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Authored by Dr. William T. Johnsen. | November 1995
The statesman must cross the Rubicon not knowing how deep and turbulent the river is, nor what he will find on the other side . . . He must face the impenetrable darkness of the future and not flinch from walking into it, drawing the nation behind him.
?Hans J. Morganthau281
Pressures are building for a stronger U.S. military intervention in the former Yugoslavia, to include the introduction of ground troops. Before such steps are taken, policymakers must recognize several key points. First, whether we admit it or not, the United States is already involved. Second, there are no easy answers to the many Balkan conundra and potential long-term solutions could be painful. Third, all alternatives have consequences: some intended, others unintended. Decisionmakers must be fully cognizant of the former and identify as many as possible of the latter. Fourth, all short-term options are flawed: each has drawbacks, costs, and risks that must be weighed against the potential gains. Fifth, there is no agreed-upon script on how these options will play out. Policymakers, therefore, must understand the second and third order consequences of their decisions and must be prepared to implement alternatives. Finally, the American public must be made aware of the U.S. interests involved, and the risks inherent in increased U.S. intervention in the conflict.
To assess the potential consequences of U.S. involvement, policymakers and the public can first turn to the general criteria for the employment of U.S. forces laid out in A National Security Strategy of Engagement and Enlargement:
Not included within the criteria spelled out in A National Security Strategy of Engagement and Enlargement are a number of additional questions that merit reflection.
The reasons for asking these questions deserve repeating. If policymakers do not clearly understand their goals and the possible directions their decisions may take them, the United States runs the risk of its policy being controlled by, rather than controlling, events. As former Secretary of Defense Robert S. McNamara noted in his recent book, In Retrospect: The Tragedy and Lessons of Vietnam, the failure to ask the difficult questions about policy, questions the answers to which were bound to be unsettling, allowed the Kennedy and Johnson administrations to make decisions based on addressing short-term crises. "Over and over again . . . we failed to address the fundamental issues; our failure to identify them was not recognized; and deep-seated disagreements among the president's advisers about how to proceed were neither surfaced nor resolved."283 Thus, if not careful, the United States could be incrementally drawn into the miasma of the Balkans with no clear idea of how it got there or how it can get out.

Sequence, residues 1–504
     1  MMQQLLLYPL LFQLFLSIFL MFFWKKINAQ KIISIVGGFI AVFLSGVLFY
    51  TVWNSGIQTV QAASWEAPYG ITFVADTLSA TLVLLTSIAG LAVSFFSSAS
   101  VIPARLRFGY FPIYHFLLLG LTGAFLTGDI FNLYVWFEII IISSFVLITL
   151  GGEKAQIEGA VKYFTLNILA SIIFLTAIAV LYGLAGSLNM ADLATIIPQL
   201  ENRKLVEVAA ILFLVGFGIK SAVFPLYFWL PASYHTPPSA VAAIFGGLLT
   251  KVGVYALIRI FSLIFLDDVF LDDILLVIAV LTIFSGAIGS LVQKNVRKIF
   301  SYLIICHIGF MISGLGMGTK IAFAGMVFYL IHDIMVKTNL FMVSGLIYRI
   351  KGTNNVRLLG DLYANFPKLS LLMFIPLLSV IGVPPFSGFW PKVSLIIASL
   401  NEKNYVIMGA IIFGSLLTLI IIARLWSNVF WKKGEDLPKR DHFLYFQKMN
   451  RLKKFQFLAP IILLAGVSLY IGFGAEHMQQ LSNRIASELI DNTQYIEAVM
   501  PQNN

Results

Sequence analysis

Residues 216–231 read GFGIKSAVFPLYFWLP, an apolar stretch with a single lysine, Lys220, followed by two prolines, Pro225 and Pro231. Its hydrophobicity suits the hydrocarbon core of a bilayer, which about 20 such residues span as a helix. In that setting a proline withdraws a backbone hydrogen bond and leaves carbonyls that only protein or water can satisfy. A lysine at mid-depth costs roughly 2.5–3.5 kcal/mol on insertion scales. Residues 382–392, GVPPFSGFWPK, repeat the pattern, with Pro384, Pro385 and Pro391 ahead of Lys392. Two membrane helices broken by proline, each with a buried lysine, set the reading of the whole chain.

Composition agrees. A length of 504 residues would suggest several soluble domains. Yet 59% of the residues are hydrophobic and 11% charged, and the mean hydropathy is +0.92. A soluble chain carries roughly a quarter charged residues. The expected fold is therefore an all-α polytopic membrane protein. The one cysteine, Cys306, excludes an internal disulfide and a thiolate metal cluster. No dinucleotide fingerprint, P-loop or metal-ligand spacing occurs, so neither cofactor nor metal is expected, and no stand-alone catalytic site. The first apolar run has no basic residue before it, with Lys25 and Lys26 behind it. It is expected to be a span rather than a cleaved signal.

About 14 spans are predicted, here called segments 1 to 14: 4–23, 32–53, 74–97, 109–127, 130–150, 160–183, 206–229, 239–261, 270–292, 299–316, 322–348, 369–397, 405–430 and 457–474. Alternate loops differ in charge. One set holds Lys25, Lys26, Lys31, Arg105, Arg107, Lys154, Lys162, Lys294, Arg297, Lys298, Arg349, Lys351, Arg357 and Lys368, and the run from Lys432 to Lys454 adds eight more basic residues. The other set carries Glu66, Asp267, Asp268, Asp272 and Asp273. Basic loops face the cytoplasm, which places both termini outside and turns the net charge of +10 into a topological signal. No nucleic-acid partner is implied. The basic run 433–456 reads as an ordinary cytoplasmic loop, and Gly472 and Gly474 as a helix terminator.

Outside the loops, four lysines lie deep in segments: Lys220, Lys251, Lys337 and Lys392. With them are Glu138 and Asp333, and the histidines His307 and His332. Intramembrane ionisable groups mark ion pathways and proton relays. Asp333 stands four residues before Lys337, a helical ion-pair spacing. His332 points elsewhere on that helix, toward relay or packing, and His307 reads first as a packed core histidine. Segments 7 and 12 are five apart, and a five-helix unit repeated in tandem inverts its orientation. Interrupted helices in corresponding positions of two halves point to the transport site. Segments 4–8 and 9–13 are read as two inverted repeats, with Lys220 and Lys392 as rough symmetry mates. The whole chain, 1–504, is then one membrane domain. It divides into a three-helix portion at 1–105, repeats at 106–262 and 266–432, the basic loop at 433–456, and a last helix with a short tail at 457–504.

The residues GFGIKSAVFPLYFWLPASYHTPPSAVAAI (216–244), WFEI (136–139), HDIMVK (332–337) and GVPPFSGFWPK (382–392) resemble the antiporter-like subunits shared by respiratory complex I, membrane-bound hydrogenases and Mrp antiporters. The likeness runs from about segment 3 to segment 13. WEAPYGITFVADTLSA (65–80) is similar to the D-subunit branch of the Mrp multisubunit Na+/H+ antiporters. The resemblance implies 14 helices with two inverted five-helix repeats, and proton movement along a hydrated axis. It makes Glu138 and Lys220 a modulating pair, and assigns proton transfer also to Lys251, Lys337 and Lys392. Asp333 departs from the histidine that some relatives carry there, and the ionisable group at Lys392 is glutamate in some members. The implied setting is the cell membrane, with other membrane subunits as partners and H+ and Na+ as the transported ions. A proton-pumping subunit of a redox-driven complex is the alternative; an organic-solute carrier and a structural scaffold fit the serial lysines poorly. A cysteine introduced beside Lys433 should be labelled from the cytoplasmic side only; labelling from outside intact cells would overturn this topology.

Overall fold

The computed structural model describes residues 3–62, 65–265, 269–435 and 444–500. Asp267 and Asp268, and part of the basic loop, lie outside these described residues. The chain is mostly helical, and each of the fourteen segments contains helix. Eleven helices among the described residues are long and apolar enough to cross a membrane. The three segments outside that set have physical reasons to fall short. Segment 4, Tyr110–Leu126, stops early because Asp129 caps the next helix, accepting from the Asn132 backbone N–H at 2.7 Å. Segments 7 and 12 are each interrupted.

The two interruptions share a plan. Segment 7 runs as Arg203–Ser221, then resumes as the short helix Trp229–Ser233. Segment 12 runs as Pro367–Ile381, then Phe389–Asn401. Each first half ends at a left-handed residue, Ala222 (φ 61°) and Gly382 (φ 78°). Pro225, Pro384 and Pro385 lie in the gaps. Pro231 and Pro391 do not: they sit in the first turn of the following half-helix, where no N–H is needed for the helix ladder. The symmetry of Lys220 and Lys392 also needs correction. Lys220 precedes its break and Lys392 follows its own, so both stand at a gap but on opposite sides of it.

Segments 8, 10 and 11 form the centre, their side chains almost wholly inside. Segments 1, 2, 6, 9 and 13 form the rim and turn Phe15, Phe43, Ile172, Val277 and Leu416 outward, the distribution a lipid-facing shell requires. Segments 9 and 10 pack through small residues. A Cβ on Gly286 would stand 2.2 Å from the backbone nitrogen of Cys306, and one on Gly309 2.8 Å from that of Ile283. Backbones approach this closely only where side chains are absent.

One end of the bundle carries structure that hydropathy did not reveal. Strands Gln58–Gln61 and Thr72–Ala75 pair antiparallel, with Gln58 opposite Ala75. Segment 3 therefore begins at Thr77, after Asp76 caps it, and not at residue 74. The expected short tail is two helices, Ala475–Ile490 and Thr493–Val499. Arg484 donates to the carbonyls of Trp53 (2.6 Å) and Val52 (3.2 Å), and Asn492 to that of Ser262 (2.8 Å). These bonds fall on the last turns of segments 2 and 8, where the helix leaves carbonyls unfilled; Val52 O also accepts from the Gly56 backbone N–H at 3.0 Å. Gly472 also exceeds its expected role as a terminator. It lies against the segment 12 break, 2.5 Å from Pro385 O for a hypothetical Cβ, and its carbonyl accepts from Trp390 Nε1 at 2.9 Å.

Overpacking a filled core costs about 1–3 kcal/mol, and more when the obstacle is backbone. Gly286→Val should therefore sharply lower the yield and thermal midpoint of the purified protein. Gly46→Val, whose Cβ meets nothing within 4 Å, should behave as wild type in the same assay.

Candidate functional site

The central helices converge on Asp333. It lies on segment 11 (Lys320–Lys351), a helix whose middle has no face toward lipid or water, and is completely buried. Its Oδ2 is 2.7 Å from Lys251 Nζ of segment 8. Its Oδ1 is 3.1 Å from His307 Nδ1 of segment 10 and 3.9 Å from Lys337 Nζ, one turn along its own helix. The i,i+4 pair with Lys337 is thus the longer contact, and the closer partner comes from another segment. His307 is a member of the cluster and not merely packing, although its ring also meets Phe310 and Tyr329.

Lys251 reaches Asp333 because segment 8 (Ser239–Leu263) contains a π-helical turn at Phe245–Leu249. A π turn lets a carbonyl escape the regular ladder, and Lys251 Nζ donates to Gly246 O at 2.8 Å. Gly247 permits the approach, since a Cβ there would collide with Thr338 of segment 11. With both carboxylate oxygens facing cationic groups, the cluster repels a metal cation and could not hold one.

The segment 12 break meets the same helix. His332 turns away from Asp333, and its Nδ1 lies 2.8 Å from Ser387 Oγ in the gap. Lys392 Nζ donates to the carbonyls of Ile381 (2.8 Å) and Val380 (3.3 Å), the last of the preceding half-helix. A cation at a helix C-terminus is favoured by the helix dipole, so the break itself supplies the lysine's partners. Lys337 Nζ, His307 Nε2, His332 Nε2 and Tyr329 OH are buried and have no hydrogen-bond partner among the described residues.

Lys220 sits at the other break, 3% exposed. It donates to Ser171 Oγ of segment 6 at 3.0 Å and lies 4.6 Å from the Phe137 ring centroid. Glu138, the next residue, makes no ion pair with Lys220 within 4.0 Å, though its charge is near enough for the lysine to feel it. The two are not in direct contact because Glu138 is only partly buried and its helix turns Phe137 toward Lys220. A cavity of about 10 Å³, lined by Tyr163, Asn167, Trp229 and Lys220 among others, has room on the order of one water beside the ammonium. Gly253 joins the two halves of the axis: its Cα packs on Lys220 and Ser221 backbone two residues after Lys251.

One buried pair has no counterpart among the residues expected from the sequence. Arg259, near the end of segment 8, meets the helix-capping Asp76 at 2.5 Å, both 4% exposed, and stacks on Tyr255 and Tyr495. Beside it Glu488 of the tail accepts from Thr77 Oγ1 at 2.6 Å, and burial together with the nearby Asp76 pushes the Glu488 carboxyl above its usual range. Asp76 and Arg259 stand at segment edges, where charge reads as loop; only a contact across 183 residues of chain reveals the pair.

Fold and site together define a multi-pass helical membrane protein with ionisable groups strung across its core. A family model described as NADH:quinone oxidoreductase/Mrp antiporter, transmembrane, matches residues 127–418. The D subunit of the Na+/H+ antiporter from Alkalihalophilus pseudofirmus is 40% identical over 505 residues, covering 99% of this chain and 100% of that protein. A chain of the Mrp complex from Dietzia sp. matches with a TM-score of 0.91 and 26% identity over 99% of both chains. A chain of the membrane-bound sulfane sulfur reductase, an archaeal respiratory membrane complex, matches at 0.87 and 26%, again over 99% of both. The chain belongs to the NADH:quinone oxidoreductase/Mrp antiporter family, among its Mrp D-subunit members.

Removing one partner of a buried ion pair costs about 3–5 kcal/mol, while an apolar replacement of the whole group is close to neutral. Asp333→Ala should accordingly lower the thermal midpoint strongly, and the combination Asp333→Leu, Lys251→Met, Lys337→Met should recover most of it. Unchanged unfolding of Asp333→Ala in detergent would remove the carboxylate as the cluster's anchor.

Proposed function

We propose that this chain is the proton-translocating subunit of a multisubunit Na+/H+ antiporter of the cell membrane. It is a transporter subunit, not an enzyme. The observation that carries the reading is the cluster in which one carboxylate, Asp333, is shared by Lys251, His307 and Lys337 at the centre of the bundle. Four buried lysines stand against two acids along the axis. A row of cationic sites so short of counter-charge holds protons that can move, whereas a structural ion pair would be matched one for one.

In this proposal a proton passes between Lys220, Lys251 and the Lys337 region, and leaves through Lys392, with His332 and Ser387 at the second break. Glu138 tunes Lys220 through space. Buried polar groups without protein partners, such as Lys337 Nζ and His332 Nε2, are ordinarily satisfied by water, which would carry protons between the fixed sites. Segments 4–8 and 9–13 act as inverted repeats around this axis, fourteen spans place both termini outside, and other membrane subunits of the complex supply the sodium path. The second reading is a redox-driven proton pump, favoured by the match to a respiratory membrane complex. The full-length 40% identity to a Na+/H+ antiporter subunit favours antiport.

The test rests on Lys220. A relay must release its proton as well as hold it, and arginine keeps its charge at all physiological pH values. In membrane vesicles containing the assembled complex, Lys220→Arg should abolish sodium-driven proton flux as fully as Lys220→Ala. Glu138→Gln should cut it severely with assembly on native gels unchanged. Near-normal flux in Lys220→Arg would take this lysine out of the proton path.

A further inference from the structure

Answering such difficult questions, particularly given the number of weighty issues, is not an easy task. And, a comprehensive answer to each question is beyond the constraints of this monograph. Nonetheless, the issue of U.S. national interests in the ongoing crisis in the Balkans deserves some attention. The United States has a vital interest in ensuring a peaceful and stable Europe, and the ongoing wars in the former Yugoslavia represent a significant threat to that goal.
Should the fighting spill over the borders of the former Yugoslavia, the stability and security of the entire Balkan peninsula may be at risk. This disequilibrium could set back the development of newly emerging market-based democracies in the region that have struggled successfully, to date, to change their national and international behavior. An expanded war also would likely involve Greece and Turkey?two key U.S. and NATO allies? probably on opposite sides. The ramifications for Balkan security and NATO would be significant.